Edwards focuses on Kerry, who is fixed on Bush

Thursday, February 19, 2004

Their rivalry engaged, Democratic presidential contenders John Kerry and John Edwards laid plans on Wednesday for their 10-state showdown March 2. The challenger plans to persist in his criticism of Kerry's free-trade policies, targeting Ohio, New York and Georgia with television ads.

The front-runner will fight Edwards on one front and President Bush on another, advertising in general-election battleground states while counting on arcane Democratic Party rules to protect his lead in nomination delegates.

"Every race is going to be contested. Every race," Kerry said in Ohio, the focal point of his plans to beat Edwards in March and Bush in November. "We're fighting for every vote."

The rhetoric reflected a get-tough attitude in Kerry's camp, victorious in the Wisconsin primary Tuesday but nonetheless stung by Edwards' closer-than-expected second-place finish.

Kerry, winner in 15 of 17 contests and still the undisputed front-runner, failed to push his chief rival from the race. He settled for the departure of Howard Dean, the former Vermont governor who quit Wednesday after failing to win a single contest.

The Democratic race makes a pit stop next week in Hawaii, Idaho and Utah -- where just 61 delegates are at stake -- before turning to March 2 and the motherlode of 1,151 delegates, more than half the total needed to claim the nomination.

11th-hour upswing

In Wisconsin, Edwards' debate performance Sunday and his criticism of Kerry's free-trade policies fueled his 11th-hour upswing. The first-term senator assailed Kerry's 1993 vote for the North American Free Trade Agreement and also aired an ad condemning the treaty, without mentioning Kerry's name.

Kerry also took a hit from Bush's re-election team.

Kerry punched back on Edwards' trade criticisms Wednesday after allowing them to go unanswered in Wisconsin.

"He wasn't in the Senate back then," Kerry said in Ohio, coolly alluding to Edwards' relative lack of experience. "I don't know where he registered his vote, but it wasn't in the Senate."

The 19-year Senate veteran said he and Edwards have similar trade records, a reference to the North Carolina senator's support for a China trade deal. Edwards, a trial lawyer who shines in debates, may demand a series of one-on-one forums with Kerry, aides said.

Strategists said trade could be a make-or-break issue in Ohio, a state narrowly won by Bush in 2000 but among the hardest hit by job losses.

Greg Haas, a Democratic strategist in Ohio, said Kerry holds the advantage because of his winning streak and momentum.

"But NAFTA could pay dividends for Edwards here," said Haas, an adviser to Columbus Mayor Michael Coleman, who is being courted by Edwards. "He wouldn't need any ads -- just saying the word NAFTA in northeast Ohio is like raising a red cape in the face of a bull."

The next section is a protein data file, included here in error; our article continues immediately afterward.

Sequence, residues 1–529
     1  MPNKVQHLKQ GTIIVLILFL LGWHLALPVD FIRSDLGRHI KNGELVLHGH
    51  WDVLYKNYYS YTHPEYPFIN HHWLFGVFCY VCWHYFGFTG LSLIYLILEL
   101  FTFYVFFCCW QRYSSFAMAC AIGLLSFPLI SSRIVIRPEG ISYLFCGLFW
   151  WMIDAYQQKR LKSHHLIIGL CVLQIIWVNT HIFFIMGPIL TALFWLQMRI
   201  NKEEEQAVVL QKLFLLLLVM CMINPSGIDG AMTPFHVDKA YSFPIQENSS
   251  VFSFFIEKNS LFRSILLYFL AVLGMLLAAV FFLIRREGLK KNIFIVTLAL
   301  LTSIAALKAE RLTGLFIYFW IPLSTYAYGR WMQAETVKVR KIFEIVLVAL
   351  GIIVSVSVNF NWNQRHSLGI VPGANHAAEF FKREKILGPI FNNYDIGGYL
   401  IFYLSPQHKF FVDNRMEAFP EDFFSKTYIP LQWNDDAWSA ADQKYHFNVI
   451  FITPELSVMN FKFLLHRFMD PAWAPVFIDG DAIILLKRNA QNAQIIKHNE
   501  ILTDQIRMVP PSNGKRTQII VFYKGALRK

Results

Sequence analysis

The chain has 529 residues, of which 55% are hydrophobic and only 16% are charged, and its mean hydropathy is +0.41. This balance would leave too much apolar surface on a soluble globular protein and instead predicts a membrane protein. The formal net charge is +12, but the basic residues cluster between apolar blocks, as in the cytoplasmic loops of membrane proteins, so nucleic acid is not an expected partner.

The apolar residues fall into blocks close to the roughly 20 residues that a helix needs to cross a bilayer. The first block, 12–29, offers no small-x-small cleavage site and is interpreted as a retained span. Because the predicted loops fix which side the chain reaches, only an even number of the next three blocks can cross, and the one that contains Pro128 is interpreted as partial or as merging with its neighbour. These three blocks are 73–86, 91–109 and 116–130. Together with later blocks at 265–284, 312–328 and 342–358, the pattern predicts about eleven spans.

Kerry's advisers said the March 2 round gives him a chance to campaign and advertise in two states that will be critical to defeating Bush in the fall -- Ohio, which Bush won by less than 4 percentage points after Al Gore pulled out his resources; and Minnesota, a traditionally Democratic state that Gore won by just 2 percentage points.

In the remaining states, Kerry's ad-buying strategy will be dictated largely by Edwards' actions.

Doug Schoen, former President Clinton's pollster, said Edwards' resurrection in Wisconsin has created three problems for Kerry: He can't focus exclusively on Bush, he must delay plans to raise money for the general election, and "there's a risk that NAFTA could strike a vein."

"I believe this is a glitch in Kerry's glide path to the nomination," Schoen said. "But glitches can turn into gorges."

While the front-runner can compete in all 10 states, Edwards has already taken Vermont, Rhode Island, Massachusetts and Connecticut off the table -- a total of 178 delegates and prime Kerry territory.

That puts six states in play -- Ohio, New York, Georgia, Minnesota, California and Maryland. Edwards will spend the bulk of his time in the first three, aides said, focusing on job losses in Ohio and upstate New York and familiar Southern terrain in Georgia.

The NAFTA ad, or something similar, will likely be used, aides said. Boxed in by his pledge to remain positive, Edwards won't criticize Kerry by name in any ads.

Edwards has key endorsements in Baltimore, which could make Maryland a place where he picks up delegates. Minnesota's economy and California's coveted prize of 370 delegates make those states hard to resist.

Edwards' goal is to win two states and a number of delegates March 2, then sweep a four-state Southern round the following week. That would set the stage for a showdown March 16 in Illinois.

Edwards' advisers acknowledge the odds are steep. The task also is made harder by Democratic Party rules that allocate delegates based on the candidates' showing in each congressional district. That means Kerry, who leads Edwards by more than 400 delegates, picks up delegates with every victory -- or loss.

Edwards has failed to win delegates in nine states. Kerry has pocketed them in all 17 contests.

Kerry's team has computed delegate totals based on the assumption that Edwards wins California, Georgia and Ohio in close races, then three of four states March 9. The front-runner would still lead the delegate chase.

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